The Same But Not Alike
In our work we've learned that Boomers on the whole are Driven, Transformational, and "Self" Centered.
- Boomers are Driven. Think rock band Queen: "I want it all and I want it now." Boomers want control and they want immediate satisfaction.
- Boomers are Transformational. They make change happen; they won't accept the status quo.
- Boomers are "Self" Centered. They believe in entitlement and personal gratification. Their main question is, "What's in it for me?" Raised as the center of their home universe, Boomers can thank Dr. Spock and their parents for this focus on themselves. In comparison, consider latch-key Generation Xers and their self-image. Many had to deal with both Mom and Dad working or single-parent homes while they were growing up. They are self-reliant and independent. Very different from Boomers.
This framework is a good starting point in understanding the large and dynamic Boomer generation.
Boomers Are 76 Million Individuals
Those generational traits offer a simple lens through which you can view other factors that complete the big picture of today's Boomer Consumer. Not all Boomers are created equal, though, and it would be a mistake to see them as a homogeneous group.
When you have any population of 76 million (roughly Canada, Australia, Cuba and Chile combined), you're going to have incredible diversity and differences. Yes, some Boomers like snow skiing and knitting and French food and social media and duck hunting and just about anything else you can think of. But not all Boomers do.
Reporters and editors have needed a short-cut to identify who they're talking about, so they just use "Boomers" as a catch-all term for people currently in their late 40s, 50s and early 60s. Ultimately, this is a disservice to marketers who, although they can tap into the shared history and culture of Boomers, must also recognize that Boomers are at various life stages and live a variety of lifestyles. Any effort treating Boomers as one-size-fits-all will fail.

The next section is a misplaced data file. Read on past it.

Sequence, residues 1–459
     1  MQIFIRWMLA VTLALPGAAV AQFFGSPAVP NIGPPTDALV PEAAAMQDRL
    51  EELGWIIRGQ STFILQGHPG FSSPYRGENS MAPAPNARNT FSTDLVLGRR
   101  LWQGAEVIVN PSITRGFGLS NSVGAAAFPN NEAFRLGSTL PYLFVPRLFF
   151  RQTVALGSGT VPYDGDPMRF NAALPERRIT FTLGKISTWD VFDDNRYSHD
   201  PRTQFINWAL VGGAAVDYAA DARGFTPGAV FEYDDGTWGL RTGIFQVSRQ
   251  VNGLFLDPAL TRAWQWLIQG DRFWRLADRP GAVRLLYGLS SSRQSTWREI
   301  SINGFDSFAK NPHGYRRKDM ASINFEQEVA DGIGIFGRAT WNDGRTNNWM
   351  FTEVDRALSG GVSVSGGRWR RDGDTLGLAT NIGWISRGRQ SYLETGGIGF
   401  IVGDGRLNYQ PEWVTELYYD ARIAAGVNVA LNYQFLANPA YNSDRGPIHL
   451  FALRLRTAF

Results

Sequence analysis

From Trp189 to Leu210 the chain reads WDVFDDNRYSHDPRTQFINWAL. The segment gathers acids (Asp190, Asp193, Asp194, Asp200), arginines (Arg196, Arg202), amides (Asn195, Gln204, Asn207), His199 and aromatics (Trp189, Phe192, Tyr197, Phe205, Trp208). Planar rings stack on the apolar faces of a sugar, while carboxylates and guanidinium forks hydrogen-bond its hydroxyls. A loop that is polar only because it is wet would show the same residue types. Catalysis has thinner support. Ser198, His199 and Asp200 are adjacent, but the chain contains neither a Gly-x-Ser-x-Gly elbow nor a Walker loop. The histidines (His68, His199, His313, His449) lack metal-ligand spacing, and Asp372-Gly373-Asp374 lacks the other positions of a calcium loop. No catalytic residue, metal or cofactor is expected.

Some marketers do grasp the diverse nature of today's Boomers. For example, for the last few years Carnival Cruises has been running a TV and print campaign showing the different things one can experience on a cruise, summing up the message with the line "At any one moment there are a million ways to have fun." Carnival understands that Boomers come in all shape and sizes, and doesn't try to force them into a single definition of what to do while on a cruise.
Another example is a recent ad for tourism in Panama that states, "One beautiful country. Ten inviting destinations." The ad then lists the 10 distinct areas within Panama, from beaches to rain forests to cities. The marketers understand that Boomers will look over the list to see what's of interest to them, and will ignore the other, less relevant places.
Articles, news stories and features about "Boomers" may give the mistaken impression of a single collective of 76 million. But to engage Boomers today, they should be segmented like any "Adults" audience -- by income, education, values, attitude, geography, life stage, and so forth.